The worst places for poor white children are almost all better than the best places for poor black children.... Poor white children struggle in parts of the Southeast and Appalachia. But they still fare better there than poor black children do in most of America. In effect, the worst places for whites produce outcomes that are about as good as the best places for blacks.... Extensive Data Shows Punishing Reach of Racism for Black Boys.....Monday was a beautiful sunny day out here in Rockaway and I managed to spend 3 hours sitting in the backyard reading the NY Times and getting some much needed sun - and a jolt of vitamin D. That it took me so long to read the paper was due to some intriguing articles, three of which connected some dots.
......NY Times, March 19
The major article was the front page one I quoted above with some important data about the impact of racism. I would bet that many people feel that if a black boy grows up in a high income family there would not be much difference in long time outcomes from white boys. But that seems so not true.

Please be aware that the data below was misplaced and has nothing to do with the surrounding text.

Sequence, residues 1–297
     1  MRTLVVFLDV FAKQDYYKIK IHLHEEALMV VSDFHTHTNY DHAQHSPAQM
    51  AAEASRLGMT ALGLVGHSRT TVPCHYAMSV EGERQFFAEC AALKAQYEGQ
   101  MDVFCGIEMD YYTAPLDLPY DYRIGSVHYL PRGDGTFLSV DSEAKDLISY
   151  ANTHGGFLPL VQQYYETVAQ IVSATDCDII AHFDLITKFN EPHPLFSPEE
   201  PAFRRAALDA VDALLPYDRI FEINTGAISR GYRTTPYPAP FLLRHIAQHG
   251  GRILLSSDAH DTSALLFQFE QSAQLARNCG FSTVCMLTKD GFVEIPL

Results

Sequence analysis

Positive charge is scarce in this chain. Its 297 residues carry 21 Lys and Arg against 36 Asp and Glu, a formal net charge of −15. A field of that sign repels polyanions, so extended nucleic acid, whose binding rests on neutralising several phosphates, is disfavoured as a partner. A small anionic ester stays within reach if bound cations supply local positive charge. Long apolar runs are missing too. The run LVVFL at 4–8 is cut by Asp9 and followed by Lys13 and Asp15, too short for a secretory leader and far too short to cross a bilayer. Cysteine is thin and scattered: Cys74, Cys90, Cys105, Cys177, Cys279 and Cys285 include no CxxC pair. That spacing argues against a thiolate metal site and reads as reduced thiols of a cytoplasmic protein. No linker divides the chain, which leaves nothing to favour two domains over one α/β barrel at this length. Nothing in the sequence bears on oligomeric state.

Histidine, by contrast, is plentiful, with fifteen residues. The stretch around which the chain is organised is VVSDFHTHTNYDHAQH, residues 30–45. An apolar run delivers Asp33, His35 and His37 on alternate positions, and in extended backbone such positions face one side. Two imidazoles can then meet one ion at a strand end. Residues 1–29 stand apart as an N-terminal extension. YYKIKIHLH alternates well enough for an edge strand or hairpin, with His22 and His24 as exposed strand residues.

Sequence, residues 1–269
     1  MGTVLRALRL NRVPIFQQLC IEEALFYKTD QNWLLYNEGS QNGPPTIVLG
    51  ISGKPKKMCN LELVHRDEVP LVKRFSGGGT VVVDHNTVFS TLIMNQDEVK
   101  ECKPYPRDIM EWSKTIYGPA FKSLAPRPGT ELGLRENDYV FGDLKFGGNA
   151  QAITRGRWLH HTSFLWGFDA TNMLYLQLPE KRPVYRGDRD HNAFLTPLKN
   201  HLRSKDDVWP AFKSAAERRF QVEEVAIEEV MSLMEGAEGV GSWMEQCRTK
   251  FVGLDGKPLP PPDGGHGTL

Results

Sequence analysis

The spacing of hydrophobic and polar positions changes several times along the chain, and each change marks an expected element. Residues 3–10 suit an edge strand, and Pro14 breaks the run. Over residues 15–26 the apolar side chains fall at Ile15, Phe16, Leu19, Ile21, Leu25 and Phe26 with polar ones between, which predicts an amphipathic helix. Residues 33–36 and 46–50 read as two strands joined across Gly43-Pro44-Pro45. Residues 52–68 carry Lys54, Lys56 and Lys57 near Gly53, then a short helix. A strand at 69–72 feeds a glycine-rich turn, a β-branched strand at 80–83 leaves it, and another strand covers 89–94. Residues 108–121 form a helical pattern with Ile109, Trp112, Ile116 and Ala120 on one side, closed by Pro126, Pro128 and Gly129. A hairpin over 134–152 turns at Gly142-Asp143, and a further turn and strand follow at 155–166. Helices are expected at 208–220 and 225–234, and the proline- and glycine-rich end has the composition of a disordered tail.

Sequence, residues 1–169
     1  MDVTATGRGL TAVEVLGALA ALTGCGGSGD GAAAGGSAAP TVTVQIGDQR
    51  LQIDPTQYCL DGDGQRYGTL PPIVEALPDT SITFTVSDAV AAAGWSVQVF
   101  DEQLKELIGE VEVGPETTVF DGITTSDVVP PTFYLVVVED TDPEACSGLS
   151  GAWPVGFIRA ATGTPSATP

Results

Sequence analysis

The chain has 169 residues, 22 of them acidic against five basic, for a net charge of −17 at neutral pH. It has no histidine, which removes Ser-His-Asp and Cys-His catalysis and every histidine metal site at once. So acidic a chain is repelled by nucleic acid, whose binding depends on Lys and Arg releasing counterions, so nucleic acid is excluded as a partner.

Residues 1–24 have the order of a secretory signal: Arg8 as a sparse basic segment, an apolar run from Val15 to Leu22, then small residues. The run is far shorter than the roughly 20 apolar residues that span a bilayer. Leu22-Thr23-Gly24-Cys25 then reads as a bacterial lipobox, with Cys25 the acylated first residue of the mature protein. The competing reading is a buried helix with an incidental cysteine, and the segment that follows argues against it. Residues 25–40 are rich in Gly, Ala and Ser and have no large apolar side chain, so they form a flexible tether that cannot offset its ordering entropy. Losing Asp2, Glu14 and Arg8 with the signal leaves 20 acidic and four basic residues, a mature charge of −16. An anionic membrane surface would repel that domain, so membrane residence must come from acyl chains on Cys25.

White boys who grow up rich are likely to remain that way. Black boys raised at the top, however, are more likely to become poor than to stay wealthy in their own adult households. Most white boys raised in wealthy families will stay rich or upper middle class as adults, but black boys raised in similarly rich households will not.The numbers are very different for black girls. And from my own experience with black kids I could see the different gender trajectories in elementary school.
Even when children grow up next to each other with parents who earn similar incomes, black boys fare worse than white boys in 99 percent of America. And the gaps only worsen in the kind of neighborhoods that promise low poverty and good schools.
I often issue a challenge to people who say race is not a factor. "A black guy dressed in a suit and carrying a brief case and a white guy dressed in fatigues and carrying an AK-47 walk down a street. Which one is more likely to get stopped by cops?" I've never had one white male answer that it would be the white guy. Reminds me of the great 1970 film, Where's Poppa, where a well dressed black couple have cab after cab pass them by but George Segal dressed in a gorilla suit is picked up immediately.